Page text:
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Cline Falls
Cline Falls, Oregon.jpg
Cline Falls near Redmond, Oregon
Location Near Redmond, Oregon
Coordinates 44°16′37″N 121°15′31″W / 44.27694°N 121.25861°W / 44.27694; -121.25861Coordinates: 44°16′37″N 121°15′31″W / 44.27694°N 121.25861°W / 44.27694; -121.25861
Elevation 2,802 ft (854 m)
Type Segmented steep cascade
Total height 20 ft (6.1 m)
Total width 50 ft (15 m)
Number of drops 1
Average flow rate 200 cu ft/s (5.7 m3/s)
Watercourse Deschutes River

Cline Falls is a 20 ft-high (6.1 m) segmented steep cascade waterfall on the Deschutes River. It is approximately 4 miles (6.4 km) west of Redmond, Oregon, United States. The waterfall is named for Cass A. Cline, who owned the land adjacent to the falls in the early 20th century. The falls occur just north of the point where Oregon Route 126 crosses the Deschutes River. The riparian area around Cline Falls provides habitat for a variety of fish and wildlife species.

Characteristics

Cline Falls is one of the highest waterfalls along the Deschutes River in Central Oregon. It is a steep segmented cascade. The falls drop approximately 20 ft (6.1 m) through several channels carved into the basalt cliff that cuts crosses the riverbed. The falls are approximately 50 ft (15 m) wide with an average flow of 200 cu ft/s (5.7 m3/s). However, the flow over the falls varies throughout the year as a result of irrigation water being taken out of the river above the falls during the summer. The falls have a forward run of about 50 ft (15 m), descending at 77-degree angle through the cataract.

Based on the International Waterfall Classification System, Cline Falls is rated at 2.83, making it a Class-3 waterfall. The International Waterfall Classification System is a logarithmic scale that groups waterfalls into ten classes based on the height and pitch of the waterfall as well as the average volume of water flowing over the falls.

Cline Falls is 4 miles (6.4 km) west of Redmond, Oregon. It is just north of the Deschutes River bridge along Route 126. There is a view point above the falls, just off the Cline Falls Highway, which runs north and south along the west rim of the Deschutes River canyon. On the east side of the river, there is a short hiking trail to the falls from the parking area at Cline Falls State Park.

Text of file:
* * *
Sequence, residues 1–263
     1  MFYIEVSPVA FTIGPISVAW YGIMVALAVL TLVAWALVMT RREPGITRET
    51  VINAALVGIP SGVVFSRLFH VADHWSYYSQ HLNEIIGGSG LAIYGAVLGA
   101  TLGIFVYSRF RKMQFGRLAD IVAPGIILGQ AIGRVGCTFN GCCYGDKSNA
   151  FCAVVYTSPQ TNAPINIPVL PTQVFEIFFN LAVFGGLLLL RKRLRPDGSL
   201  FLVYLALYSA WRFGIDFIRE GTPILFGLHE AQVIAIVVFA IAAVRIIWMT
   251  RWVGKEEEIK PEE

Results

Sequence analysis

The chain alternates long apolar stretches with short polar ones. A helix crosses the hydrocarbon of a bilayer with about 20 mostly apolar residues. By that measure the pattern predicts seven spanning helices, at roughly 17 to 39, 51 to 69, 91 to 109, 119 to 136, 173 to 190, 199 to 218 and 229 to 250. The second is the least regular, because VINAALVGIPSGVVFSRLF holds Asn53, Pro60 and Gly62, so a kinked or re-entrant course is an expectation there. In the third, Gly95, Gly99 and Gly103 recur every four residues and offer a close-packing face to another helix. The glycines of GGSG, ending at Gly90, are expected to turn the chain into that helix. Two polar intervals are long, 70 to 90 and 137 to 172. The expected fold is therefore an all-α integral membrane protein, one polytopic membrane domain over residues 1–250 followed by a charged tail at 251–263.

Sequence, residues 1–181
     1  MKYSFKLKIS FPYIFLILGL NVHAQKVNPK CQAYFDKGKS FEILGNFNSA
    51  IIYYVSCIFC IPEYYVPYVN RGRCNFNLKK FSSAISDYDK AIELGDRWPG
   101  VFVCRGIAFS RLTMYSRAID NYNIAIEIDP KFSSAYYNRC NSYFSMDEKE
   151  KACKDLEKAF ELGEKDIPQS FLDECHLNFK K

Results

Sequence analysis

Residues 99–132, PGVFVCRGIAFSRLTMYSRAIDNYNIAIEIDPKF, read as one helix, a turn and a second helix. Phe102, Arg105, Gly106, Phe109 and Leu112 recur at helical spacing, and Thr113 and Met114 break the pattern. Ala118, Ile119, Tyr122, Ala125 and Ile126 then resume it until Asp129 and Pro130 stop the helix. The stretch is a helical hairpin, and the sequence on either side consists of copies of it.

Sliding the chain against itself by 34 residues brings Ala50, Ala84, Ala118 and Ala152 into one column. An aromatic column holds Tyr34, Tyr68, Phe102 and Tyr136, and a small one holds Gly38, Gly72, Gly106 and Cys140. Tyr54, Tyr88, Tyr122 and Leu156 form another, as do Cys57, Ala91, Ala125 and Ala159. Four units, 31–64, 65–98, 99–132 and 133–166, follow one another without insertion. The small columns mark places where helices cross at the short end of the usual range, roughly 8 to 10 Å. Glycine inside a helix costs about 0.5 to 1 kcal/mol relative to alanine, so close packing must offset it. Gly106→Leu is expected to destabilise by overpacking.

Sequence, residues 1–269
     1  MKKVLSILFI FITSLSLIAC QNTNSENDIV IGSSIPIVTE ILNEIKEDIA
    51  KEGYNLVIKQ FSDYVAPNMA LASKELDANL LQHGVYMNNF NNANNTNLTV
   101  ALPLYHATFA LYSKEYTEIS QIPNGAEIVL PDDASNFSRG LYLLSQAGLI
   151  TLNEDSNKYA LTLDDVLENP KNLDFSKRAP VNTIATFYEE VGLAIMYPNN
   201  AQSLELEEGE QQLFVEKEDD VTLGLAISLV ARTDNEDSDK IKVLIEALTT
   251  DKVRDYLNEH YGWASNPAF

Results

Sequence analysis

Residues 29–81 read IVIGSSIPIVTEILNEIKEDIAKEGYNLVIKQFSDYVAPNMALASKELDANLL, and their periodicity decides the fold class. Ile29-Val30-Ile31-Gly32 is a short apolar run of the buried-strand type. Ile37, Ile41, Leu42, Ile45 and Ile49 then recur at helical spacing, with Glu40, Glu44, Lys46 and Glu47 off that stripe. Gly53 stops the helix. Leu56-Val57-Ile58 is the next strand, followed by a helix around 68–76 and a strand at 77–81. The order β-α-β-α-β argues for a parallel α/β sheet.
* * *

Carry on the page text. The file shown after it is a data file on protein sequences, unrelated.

History

The falls are named in honor of Doctor Cass A. Cline, a pioneer dentist and property developer from Redmond. Cline owned the falls and much of the adjacent property along the west bank of the river. In 1892, he founded the Falls Irrigation Company to help develop the area along the Deschutes. A decade later, Cline established a small town called Cline Falls on the west bank of the river overlooking the waterfall. A community post office was opened in 1904. The town declined after 1911 when the area's first railroad was built on the east side of the river. The town’s post office was closed in 1919.

In the early 20th century, Cline Falls was used for hydroelectric power production. In 1901, Cline sold a site next to the falls to F.T. Hurlburt, president of Condon National Bank. Hurlburt then financed the construction of a power plant to provide electricity for Redmond and nearby Prineville. The power was also used to run pumps that provided irrigation water to local farms and ranches. The power plant was purchased by the Pacific Power and Light Company. Over the years, large amounts of water were diverted from the Deschutes River above the falls for irrigation. This significantly reduced the river's flow at the falls, making steady power production difficult.